The freebiemeet, episode 4

viola

The freebiemeet is open! PLEASE read the instructions! For people who would like to chat in addition to, or instead of, giving and getting free stuff, there will be a poll along shortly.

If you have perfume-related items you’d like to give away (as opposed to swap for something else — our next swapmeet will be in October), and if you’re reasonably sure you can mail your items within the next month, feel free to list them below in the comments AFTER reading the instructions.

If you see something in the comments that you want, and if you already have a reader account here and have commented at least once (no new accounts today, sorry), you can call dibs AFTER reading the instructions.

I will leave the comments open until next Saturday…

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Shop for perfume

Parfums Raffy

Cartier Eau de Cartier Vetiver Bleu ~ fragrance review

Eau de Cartier series

Eau de Cartier Vétiver Bleu is the latest of Cartier’s flankers to 2001’s Eau de Cartier. The original Eau de Cartier is a perfectly serviceable, well-made cologne (from perfumer Christine Nagel, by the way), the sort that everyone needs at least one of. I was tempted to buy it more than once, years ago, but eventually filled the category with other basic colognes I liked better (Eau de Guerlain, for instance). Cartier has done any number of likewise well-made flankers for Eau de Cartier, and I’ve been tempted by some of those as well, especially the recent Eau de Cartier Zeste de Soleil. If they did a coffret of 15 ml bottles of all of them, I would not be able to resist, but so far, no coffret.

The series is marketed as unisex, but the individual scents tend to skew one direction or the other…

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I Profumi di Firenze Plenilunio ~ perfume review

Bavarian cream with strawberries

I’ve been experiencing spring fever lately, so it seemed like a good time to pull a sample of some fun-and-fruity fragrance from my sample basket. I ended up with Plenilunio, a recent release from Italian niche line i Profumi di Firenze. Plenilunio’s concept of “a voluptuous bouquet of summer strawberries” with “an enchanting kiss of silver moon beams on the skin” seems appropriate for the season.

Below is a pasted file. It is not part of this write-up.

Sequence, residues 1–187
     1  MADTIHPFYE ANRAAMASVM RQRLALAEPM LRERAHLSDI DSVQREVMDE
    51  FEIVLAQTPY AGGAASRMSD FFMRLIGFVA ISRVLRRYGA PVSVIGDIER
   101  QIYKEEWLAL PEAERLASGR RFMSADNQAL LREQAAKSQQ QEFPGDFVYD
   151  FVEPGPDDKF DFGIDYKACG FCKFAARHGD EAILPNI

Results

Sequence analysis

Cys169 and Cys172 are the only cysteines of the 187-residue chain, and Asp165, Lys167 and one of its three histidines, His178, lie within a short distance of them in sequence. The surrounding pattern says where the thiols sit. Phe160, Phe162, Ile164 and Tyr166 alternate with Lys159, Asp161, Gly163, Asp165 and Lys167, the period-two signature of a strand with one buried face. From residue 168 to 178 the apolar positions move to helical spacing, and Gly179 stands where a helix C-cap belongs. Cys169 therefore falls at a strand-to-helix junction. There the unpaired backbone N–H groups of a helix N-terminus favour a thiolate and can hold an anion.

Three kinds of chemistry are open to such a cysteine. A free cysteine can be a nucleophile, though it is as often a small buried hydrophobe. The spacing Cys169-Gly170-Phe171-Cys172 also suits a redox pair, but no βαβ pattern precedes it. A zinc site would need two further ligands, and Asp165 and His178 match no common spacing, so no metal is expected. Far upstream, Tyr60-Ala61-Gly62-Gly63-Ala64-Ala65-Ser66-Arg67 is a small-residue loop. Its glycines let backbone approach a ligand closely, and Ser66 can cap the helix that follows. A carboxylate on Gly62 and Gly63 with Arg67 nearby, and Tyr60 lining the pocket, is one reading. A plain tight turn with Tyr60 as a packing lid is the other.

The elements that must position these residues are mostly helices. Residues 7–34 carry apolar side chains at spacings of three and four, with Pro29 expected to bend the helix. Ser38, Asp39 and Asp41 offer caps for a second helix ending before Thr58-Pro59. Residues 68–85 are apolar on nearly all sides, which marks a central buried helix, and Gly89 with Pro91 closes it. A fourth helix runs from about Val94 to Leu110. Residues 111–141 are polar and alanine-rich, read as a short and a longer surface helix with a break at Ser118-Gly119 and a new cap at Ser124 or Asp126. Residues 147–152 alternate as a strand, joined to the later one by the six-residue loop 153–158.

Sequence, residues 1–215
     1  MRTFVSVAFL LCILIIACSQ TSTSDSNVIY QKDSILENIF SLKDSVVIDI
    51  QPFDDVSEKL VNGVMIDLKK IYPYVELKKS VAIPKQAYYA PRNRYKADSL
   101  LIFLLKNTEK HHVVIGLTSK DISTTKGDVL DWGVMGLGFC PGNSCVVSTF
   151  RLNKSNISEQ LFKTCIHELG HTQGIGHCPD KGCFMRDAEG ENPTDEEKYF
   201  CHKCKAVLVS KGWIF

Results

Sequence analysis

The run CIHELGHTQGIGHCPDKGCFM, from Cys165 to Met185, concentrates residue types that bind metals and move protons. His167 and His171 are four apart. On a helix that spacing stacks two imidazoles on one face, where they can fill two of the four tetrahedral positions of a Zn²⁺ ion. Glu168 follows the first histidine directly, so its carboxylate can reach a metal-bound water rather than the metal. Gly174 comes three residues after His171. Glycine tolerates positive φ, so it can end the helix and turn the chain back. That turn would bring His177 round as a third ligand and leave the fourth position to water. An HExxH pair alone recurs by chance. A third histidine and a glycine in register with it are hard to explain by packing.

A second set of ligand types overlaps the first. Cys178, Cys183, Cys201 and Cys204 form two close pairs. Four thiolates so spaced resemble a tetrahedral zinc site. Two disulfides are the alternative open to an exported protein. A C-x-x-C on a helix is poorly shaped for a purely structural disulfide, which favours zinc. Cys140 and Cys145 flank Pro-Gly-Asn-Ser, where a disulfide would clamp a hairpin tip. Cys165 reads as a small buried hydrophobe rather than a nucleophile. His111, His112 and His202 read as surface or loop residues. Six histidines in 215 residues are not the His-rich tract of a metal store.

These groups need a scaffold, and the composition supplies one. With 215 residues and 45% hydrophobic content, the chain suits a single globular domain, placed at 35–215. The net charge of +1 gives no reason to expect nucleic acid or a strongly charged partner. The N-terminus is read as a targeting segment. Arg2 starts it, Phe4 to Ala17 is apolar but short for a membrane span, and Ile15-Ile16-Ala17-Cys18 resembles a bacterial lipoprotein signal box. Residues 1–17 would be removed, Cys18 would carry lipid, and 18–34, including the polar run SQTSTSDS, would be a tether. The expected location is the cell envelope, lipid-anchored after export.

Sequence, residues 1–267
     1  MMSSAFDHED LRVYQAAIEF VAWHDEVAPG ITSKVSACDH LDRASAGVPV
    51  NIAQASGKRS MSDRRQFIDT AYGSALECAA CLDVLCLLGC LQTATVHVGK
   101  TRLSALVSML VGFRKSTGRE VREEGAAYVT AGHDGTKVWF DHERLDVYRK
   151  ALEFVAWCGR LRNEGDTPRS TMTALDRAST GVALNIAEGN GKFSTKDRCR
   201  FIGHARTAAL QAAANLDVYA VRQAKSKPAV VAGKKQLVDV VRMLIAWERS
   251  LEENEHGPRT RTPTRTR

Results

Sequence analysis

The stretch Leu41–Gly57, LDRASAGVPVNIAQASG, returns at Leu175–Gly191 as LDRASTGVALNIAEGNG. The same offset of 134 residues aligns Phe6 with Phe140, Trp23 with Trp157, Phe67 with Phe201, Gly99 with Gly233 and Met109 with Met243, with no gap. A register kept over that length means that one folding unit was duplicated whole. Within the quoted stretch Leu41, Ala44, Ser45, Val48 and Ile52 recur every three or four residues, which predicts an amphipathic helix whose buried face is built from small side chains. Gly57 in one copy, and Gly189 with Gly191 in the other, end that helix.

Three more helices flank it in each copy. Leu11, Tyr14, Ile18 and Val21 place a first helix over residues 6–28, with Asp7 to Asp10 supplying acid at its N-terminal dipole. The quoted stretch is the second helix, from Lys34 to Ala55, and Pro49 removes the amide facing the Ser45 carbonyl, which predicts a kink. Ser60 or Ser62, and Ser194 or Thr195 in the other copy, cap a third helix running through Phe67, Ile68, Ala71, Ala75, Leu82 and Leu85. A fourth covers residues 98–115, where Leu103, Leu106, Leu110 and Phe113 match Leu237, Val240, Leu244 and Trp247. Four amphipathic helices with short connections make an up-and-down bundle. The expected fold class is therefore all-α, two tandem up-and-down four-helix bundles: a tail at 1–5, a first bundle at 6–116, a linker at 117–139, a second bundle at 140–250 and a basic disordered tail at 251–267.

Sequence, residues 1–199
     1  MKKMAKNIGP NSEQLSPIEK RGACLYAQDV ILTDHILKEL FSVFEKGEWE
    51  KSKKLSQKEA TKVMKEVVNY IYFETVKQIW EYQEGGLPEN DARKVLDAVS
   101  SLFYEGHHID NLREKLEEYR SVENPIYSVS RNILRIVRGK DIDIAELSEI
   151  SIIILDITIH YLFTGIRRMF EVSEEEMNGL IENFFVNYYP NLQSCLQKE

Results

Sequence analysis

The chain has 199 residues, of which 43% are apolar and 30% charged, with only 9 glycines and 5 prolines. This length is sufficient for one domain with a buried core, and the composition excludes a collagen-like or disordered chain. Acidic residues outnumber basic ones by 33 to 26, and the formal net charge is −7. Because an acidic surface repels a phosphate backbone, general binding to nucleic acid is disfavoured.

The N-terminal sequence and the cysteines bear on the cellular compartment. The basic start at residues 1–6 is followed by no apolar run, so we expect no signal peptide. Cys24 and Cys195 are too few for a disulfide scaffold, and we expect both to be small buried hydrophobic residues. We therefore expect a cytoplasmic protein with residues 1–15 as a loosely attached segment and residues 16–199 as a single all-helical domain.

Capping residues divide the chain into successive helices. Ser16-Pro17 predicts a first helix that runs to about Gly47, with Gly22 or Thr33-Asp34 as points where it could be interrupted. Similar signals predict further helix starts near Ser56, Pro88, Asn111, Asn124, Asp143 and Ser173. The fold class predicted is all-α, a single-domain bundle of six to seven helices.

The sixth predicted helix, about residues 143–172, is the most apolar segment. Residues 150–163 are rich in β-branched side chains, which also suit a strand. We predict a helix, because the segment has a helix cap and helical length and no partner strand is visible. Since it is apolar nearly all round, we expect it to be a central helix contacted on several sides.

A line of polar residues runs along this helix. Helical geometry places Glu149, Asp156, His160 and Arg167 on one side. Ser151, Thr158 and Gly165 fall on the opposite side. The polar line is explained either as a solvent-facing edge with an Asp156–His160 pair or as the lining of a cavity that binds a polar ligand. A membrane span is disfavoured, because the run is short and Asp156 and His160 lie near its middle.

In addition to strawberry, Plenilunio features notes of mandarin, white musk, amber and soft woods. What you read is what you get, which is fine, actually; lately we’ve seen way too many poetic lists of fantasy notes (“‘angel mousse’ and ‘gardenia spasms,'” as Angela sort-of jokes) dressing up the thinnest and most prosaic of fragrances…

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Serge Lutens L’Incendiaire ~ fragrance review

Serge Lutens L'Incendiaire brand visual

“The fire is not within the perfume but within me. I want to ignite the smoldering embers of the perfume world, to put the fire back in perfume!” — Serge Lutens, on his fragrance L’Incendiaire1, the first release in his “luxury” Section d’Or collection

Many creative directors wax rhapsodic (and incoherently) about their perfume lines and themselves. Just this week Roja Dove claimed he introduced OUD to the niche fragrance world in 2011…over a decade after he was beat to the punch by many others (niche, and non-niche). I smiled when I read this bit of hyperbole on the Serge Lutens webpage: “Section d’Or is infinite. Serge Lutens takes infinity to a new level.” Only Lutens can bottle, nay, expand infinity! Read his “writings” if you don’t believe me — read too much, and you’ll want to head beyond infinity yourself for some brain-rest…

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How to Choose a Signature Fragrance, Part One

Carrere Signature

When people learn that I write about perfume, I can usually count on two questions: “What’s your favorite perfume?” and “Can you recommend a fragrance for me? I want a signature scent.” Forget about naming a favorite perfume. That’s a moving target. But for everyone who’s asked me to recommend a fragrance, this post is for you.

Before heading off to a boutique to find a signature scent, it’s helpful to know a few things about perfume. To me, it’s most important to understand that perfume is an art, like music or painting. Just as you probably winced the first time you heard opera and puzzled at your first Jackson Pollack, there’s a good chance you won’t initially appreciate all of a fragrance’s subtleties. When a perfumista friend raves about Guerlain Mitsouko, all you might smell is “grandma” — or worse, “rotting grandma.” That’s okay. Part of the fun of finding perfume you love is exploring a whole new art form…

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